The 3Q17 year-to-date funding data point to several important emerging themes and may clarify where the broader healthcare technology sector is heading. Through nine months the investment pace has been nothing short of robust with StartUp Health and Rock Health data tallying $9.0 billion and $4.7 billion, respectively, although there are signs of recent moderation ($2.5 billion was invested in 3Q17 according to StartUp Health, suggesting a more muted 4Q17 level).
More specifically, according to StartUp Health there are now three sub-sectors of the healthcare technology sector which have already attracted more than $1.0 billion of capital YTD (Big Data/Analytics ($1.3 billion), Personalized Health ($1.2 billion), Medical Device ($1.0 billion)), underscoring both the maturity and depth of these market opportunities. Notably, seed investment activity was 28% of the total deal count 2017 YTD, which is the lowest annual level since 2010, further suggesting that we are now entering a period of consolidation, when emerging category leaders come of age, separating themselves from the pack. Furthermore, average deal size increased from $14 million in 2016 to $18 million YTD 2017. In 2016, Accenture determined that only ten companies accounted for 38% of all private equity fundings in the healthcare technology sector; expect to see that continue in 2017.
The strong fundamentals are not lost of public stock investors either. The Leerink Healthcare Tech/Services stock index increased 30% over the first three quarters of 2017, trading at a heady 15.5x and 15.3x 2017 and 2018 EBITDA, respectively. EBITDA margins for 2017 and 2018 for this cohort are estimated to be 23.4% and 20.2%, underscoring the profitability of the successful companies in this sector. Accordingly, aggregate revenue growth forecasts for that same group of companies in 2017 and 2018 are 19.1% and 15.3%, which implies 4.3x and 3.7x 2017 and 2018 valuation multiples of revenue.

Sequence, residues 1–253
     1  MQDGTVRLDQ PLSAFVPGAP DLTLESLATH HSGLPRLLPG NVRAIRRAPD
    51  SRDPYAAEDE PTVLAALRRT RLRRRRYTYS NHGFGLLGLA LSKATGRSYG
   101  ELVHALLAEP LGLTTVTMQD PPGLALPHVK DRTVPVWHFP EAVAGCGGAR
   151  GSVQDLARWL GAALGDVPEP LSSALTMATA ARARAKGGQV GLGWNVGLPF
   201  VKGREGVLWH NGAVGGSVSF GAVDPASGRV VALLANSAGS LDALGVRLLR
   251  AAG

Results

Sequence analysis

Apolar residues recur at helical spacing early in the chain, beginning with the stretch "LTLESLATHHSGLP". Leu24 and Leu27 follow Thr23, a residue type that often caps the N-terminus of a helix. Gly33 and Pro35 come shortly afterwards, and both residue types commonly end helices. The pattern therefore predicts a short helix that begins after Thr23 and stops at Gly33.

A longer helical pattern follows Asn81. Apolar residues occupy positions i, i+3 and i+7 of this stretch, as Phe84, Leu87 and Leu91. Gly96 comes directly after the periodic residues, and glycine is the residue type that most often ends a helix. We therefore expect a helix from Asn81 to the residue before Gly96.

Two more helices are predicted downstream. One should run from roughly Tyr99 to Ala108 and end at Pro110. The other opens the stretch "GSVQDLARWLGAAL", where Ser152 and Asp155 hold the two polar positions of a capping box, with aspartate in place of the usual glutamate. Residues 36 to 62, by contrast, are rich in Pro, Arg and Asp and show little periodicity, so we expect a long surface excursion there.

One emerging paradox then is the relative lack of M&A activity in the healthcare technology sector, particularly considering the growth characteristics of the sector and acquirers with strong public currencies. TripleTree tracked 242 closed M&A transactions in 3Q17, although only 45 disclosed deal metrics; notably, the average revenue multiple in those transactions was 2.8x, meaningfully below the level of publicly traded companies in the sector. Total 3Q17 transaction volume was $16.2 billion which was a decrease of 45% from the prior quarter. Crosstree Capital Partners identified only 7 deals in 3Q17 with announced values of greater than $250 million, suggesting that much of the M&A activity was small, likely distressed sales of companies that were not able to scale. This is not surprising given the amount of venture capital that was deployed in 2015-2016, which afforded start-ups only 18-24 months of runway.
Another topical item has been “healthcare Artificial Intelligence” (AI) and what the likely impact of these solutions will be on healthcare. Rock Health estimates that stand-alone AI vendors will account for nearly $500 million of investments in 2017 (or nearly 10% of all activity) and that 80% of those companies are principally B2C focused. Anecdotally, with increased customer fatigue and elusive ROI for many of these products, we may be at an inflection point here as well. AI vendors will need to modify business models to allow them to take on more risk, aligning with customers to help solve fundamental clinical issues versus simply flagging at-risk members / patients. According to a Pricewaterhouse Coopers (PwC) industry framework, healthcare AI is mid-way through the second of four phases (“Data Fusion” phase) when customers are experimenting with AI solutions and industry alliances emerge. By 2020, PwC calls for the “Commercialization” phase when meaningful clinical impact will start to be realized. Soon will come the day when AI is no longer tracked separately and it is simply part of every healthcare technology company’s product offering.